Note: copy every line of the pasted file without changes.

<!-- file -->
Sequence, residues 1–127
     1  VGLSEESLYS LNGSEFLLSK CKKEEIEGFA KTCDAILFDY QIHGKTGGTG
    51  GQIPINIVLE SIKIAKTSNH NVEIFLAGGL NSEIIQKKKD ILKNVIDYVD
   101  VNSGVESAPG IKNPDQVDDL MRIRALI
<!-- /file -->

Sequence, residues 1–127
     1  VGLSEESLYS LNGSEFLLSK CKKEEIEGFA KTCDAILFDY QIHGKTGGTG
    51  GQIPINIVLE SIKIAKTSNH NVEIFLAGGL NSEIIQKKKD ILKNVIDYVD
   101  VNSGVESAPG IKNPDQVDDL MRIRALI